I had a conversation with Karin Meijer, coordinator of Odensehuis Andante, a walk-in home for people with (beginning) dementia in Utrecht. That was no coincidence, because she still has the dream to do something with loneliness with her own company.
Karin: “What I always notice is that people so often assume that loneliness can be measured. That if someone has a lot of people around them, he or she will not be lonely. That is a huge misconception that must be removed from the world. Many social contacts are really no guarantee.”
We come to the question whether loneliness is always something negative. And that too turned out to be food for thought.
Karin: “I think that if you consciously choose for loneliness, it is less annoying. You may wonder whether you choose for loneliness or for being alone. But I was thinking recently why you would like to seek solitude. And how that manifests itself. For example, are all those people who walk around unperturbed with ear pods in really enjoying their music, or do they deliberately separate themselves from constant stimuli and superficial contacts? I do have periods when I am less 'social', looking for less company. That is precisely because I want more depth, more quality than quantity. Because sometimes I feel even more lonely with that quantity than when I barely see anyone. A lot of contacts are of no use to you if you are not really understood and seen.
Loneliness can be temporary, but it can also be embedded in your personality. Either way, you can break through it occasionally, such as doing something fun with someone or making friends, if you can. But really solving it is difficult. You can train your assertiveness, but what about loneliness? Can you "train them away"? But what is the status you are working towards? What is the opposite of loneliness? "
We talk about this question for a while longer. And we even get someone else there: the partner of one of the participants at the Odensehuis. Together we come to the conclusion that the opposite is empathy and / or connectedness. And that is exactly an issue for people with dementia. Because of their illness, they make less and less contact with the outside world, for example because they can no longer follow conversations due to their faltering memory. Or because they "roll back" further and further into their past, while their loved ones move towards the future. The gap is getting bigger and the connection is getting smaller. If that doesn't result in loneliness….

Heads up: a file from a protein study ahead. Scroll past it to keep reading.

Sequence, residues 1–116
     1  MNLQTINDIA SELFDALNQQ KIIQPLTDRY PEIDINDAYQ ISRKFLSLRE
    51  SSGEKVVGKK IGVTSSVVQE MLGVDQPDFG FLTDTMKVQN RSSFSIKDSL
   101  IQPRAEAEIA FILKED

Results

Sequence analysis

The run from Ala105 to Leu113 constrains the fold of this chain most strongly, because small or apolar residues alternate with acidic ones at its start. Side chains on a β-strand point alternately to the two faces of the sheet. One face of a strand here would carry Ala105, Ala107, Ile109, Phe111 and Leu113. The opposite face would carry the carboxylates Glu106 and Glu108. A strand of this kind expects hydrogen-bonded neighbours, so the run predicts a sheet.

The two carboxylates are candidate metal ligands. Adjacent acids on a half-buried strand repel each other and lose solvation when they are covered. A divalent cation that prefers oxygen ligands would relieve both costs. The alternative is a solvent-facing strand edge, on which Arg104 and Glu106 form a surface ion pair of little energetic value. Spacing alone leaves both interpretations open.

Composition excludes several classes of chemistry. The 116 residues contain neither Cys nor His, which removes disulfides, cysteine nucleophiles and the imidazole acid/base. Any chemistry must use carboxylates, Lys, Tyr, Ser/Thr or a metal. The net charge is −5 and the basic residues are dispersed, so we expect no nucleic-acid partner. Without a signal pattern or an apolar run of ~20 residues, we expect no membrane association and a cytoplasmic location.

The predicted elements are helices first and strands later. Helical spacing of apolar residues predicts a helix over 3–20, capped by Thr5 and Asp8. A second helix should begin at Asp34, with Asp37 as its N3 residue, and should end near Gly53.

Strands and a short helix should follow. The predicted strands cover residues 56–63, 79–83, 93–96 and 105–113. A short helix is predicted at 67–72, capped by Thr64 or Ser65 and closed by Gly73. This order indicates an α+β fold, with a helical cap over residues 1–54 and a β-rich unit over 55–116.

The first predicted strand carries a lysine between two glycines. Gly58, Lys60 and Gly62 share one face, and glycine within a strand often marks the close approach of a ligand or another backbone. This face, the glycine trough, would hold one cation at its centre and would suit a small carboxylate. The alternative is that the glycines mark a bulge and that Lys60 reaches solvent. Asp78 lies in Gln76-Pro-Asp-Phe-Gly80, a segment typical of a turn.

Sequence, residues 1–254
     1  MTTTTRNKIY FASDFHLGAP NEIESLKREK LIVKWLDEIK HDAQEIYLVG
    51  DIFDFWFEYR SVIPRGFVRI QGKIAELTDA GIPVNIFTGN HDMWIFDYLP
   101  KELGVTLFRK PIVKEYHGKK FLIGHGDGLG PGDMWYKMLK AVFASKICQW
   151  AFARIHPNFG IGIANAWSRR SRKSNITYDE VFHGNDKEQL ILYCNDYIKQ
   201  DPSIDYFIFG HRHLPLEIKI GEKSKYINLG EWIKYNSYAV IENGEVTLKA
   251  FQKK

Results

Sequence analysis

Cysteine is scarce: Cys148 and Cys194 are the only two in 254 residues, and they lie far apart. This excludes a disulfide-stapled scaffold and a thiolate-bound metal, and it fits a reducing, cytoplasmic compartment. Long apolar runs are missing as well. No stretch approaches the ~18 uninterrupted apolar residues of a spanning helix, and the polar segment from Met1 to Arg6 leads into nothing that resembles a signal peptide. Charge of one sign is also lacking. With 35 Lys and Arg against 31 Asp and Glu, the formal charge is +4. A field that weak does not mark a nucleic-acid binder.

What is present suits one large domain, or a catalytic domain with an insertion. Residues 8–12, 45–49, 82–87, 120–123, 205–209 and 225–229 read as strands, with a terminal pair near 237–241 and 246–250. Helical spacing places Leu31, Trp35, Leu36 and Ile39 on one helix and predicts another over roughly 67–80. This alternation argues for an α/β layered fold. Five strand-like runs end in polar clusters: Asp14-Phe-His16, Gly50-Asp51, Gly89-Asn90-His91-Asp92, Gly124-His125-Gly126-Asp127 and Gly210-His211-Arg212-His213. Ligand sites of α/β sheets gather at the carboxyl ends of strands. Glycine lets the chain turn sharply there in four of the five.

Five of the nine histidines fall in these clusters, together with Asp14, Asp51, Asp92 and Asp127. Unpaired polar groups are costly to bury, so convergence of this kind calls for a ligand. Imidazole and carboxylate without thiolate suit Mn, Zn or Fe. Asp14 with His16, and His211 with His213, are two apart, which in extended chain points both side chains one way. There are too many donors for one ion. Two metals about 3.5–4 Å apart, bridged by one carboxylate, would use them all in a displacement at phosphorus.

Karin: “The bitter thing about this loneliness is that it is often overlooked. Someone no longer responds, or no longer responds as you are used to. Then the need for contact will no longer be there. That's really not true! It just changes. The contact may become less verbal. People who are really far in their process often have what is called "skin hunger"; the need for contact by touch. By gently touching someone, you can "read" if they like it, because that is of course a condition. If someone relaxes completely, then you are in the right place. For example, keep your hand on someone's shoulder for a bit longer. And look someone in the eye. That also creates solidarity. And really no one can live without it.”
The partner nods. Her husband is not that far yet, but he is already experiencing the devastating effect that dementia has on connectedness every day. “You start in a relationship as equal partners, you are together and you do things. You talk to each other and are connected in every way. When one of the partners is dealing with dementia, the other automatically becomes a caregiver. The contact becomes more complicated, because you simply cannot talk to each other so well anymore. Then that gap arises within your relationship. You are not lonely or alone in theory, but in reality you are. And you bet it hurts.”
Karin: “The bad thing is that people with dementia can often no longer explain that they are lonely, they need a connection. This is reinforced when people start to think that having a nice chat with someone with dementia is useless. The whole conversation is nevertheless forgotten. But that is so sad. For example, if you reminisce about beautiful memories, they will be gone in no time, but the emotions that go with them will linger for a long time. Someone who only communicates through the skin cannot remember the fact afterwards, let alone tell how nice it was. He or she will still feel very nice for a while. It would be great if people realize that. You can then easily get someone out of isolation, even if only temporarily.”
I think of the times when I regularly pet people in my mother's most heavy nursing home, look them in the eye, and smile at them, even though I don't know them. I always get a smile back, sometimes a pinch in my arm, sometimes just a conversation. Every day, all day, a lady walks up and down the hallway. Kilometers. Sometimes she has a crocheted cat in her arms. Since I have always greeted her and talked to her from the start, she now sometimes invites me to walk along. Arm in arm. And sometimes I can hold the cat. That feels like a mega reward. And less loneliness for the lady.
Don't you forget to keep in touch with people with dementia?
Ineke Buijs is researcher / designer at ftrprf. She wrote this article in a personal capacity for the theme Social Cohesion, with the collaboration of Karin Meijer and Tineke Krikke, Odensehuis Andante